Tuesday, September 8, 2009

Health Care Distortions Part 2

The majority of the month of August saw the U.S. bishops' message on health care reform articulated pretty clearly, largely via the Web portal sponsored by the Conference, Web videos on the bishops' position and positive media coverage.

The clear conveyance of this position took a little bit of a hit with an August 28 article in the New York Times, "Despite Church's Push on Issue, Some Bishops Assail Health Plan." The article separates the two thrusts of the bishops' ongoing message, put in simplest terms: 1. Health care must be reformed. 2. Abortion is a deal breaker.

The article's argument that the U.S. bishops are ready to jump ship on health care comes from quotes from bishops' statements in their dioceses, including Sioux City, Iowa Bishop Walter Nickless saying, "No health care reform is better than the wrong sort of health care reform" and Denver Archbishop Charles Chaput applying words like "imprudent" and "dangerous" to the current proposals in Congress.

The article stretches reality a little further, however, when it cites the July 17 letter to Congress by Bishop William Murphy and the August 11 letter to Congress by Cardinal Justin Rigali as examples of leaders of the U.S. bishops divided, with the former "eager to back the Democrats' efforts" and the latter saying lawmakers should "block the entire effort."

This oversimplification misses the point that both Bishop Murphy and Cardinal Rigali write on behalf of the USCCB and that each is addressing his area of specialization and concern (as chairman of Domestic Social Development and chairman of Pro-Life Activities, respectively) against the backdrop of the Conference's position as a whole. The difference is almost entirely one of emphasis.

This is evident as the article (rightly) mentions Bishop Murphy's opposition to abortion provisions in the bill, but (not mentioned in the article) it's even more evident as Cardinal Rigali begins his letter by urging Congress to bear in mind the principles put forth in the Murphy letter. These are hardly two bishops in opposition.

Cardinal Rigali and Bishop Murphy said as much in a joint letter in Sunday's New York Times, in which they restated both parts of the bishops' position and called on President Obama to ensure that any health care reform bill he signs into law "will not force Americans to support the taking of human life at any stage through their taxes or health premiums."

The New York Times article was also the first in a succession of news stories and other coverage that depicted the U.S. bishops as divided on, or simply opposed to health care. These stories also quote subsequent statements from Fargo Bishop Samuel Aquila, Rockford, Ill. Bishop Thomas Doran, Kansas City, Kan. Archbishop Joseph Naumann and Kansas City-St. Joseph, Mo. Bishop Robert Finn.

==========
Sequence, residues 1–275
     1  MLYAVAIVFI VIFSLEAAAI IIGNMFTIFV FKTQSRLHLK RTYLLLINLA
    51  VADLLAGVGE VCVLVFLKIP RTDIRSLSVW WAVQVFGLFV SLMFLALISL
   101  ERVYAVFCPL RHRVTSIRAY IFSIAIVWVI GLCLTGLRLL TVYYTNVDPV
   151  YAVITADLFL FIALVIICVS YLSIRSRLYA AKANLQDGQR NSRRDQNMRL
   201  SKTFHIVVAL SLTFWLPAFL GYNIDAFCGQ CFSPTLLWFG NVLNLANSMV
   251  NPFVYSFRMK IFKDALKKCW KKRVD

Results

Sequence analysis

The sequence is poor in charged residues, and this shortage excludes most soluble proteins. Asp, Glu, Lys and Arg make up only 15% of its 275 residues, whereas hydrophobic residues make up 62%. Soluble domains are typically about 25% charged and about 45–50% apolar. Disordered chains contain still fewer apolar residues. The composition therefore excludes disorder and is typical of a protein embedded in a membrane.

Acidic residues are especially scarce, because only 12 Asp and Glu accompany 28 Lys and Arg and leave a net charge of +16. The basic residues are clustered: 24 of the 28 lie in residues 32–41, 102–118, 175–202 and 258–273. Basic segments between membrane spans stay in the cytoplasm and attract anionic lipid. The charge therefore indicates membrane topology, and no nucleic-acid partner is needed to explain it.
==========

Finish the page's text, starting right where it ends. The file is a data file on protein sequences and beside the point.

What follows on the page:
Rather than get into a point-by-point analysis of the arguments of each bishop, I'd much rather do some oversimplication of my own and say that this is ultimately about the richness of Catholic teaching. All of the bishops' statements, including such examples listed above that raise serious red flags about current health care proposals, government intervention in health care, etc., speak to the value of health care and the worthiness of the goal of reforming it.

On the national level, the bishops have put forward their priorities and principles for good health care reform. When you start with overarcing principles, an individual bishop certainly has latitude to reflect on the application of those principles. And it shouldn't be a surprise that different voices will raise different concerns with different emphases and levels of specificity.

Ultimately, the bishops aren't supporting anybody's plan without question or opposed to the notion of reforming health care. They're being bishops ... considering the moral dimensions of public proposals and and proclaiming the teaching of the Church.


Felix Lopez said...

That's certainly a good clarification. My only concern is that on the National level the USCCB while it mainly focuses on the abortion side which is good, it appears to laymen's eyes to endorse government intrusion in health care by the so-called "public option." Whereas, on the more local diocesan level, many of the bishops reject the "public option" in favor of government vouchers or subsidies given to poor people so they can buy private plans and therefore be responsible for their own health care decisions.

Scott M said...

It may be an oversimplification, but the bishops are clearly not all on the same page with health reform. And not that they're just addressing different aspects of proposed legislation, but are in fact contradicting each other. They are contributing to the divide that exists among the faithful. Arguments have turned into "my bishop's statement against your bishop's statement."

Valerie said...

One element of Catholic Social Teaching that I truly sense some disagreement on among bishops is the application of the principle of subsidiarity as it relates to the "public option." Understanding this is critical for me to decide as a Catholic whether or not to support the public option. I wish the USCCB would be more explicit about how this core principle of Catholic social teaching applies here.

Unknown said...

Many are feeling the way you do. Our bishops need to clarify that every form of health care reform(i.e. nationalized healthcare) does not necessarily merit support just because it is "reform". We have some bishops saying that they support universal or nationalized healthcare and others questioning the idea of government as the central "controller" of healthcare.
Subsidiarity is the key, but I am afraid some are trying to re-define it, despite clarity in the cateschism (1883). Higher orders need to "support" not take over.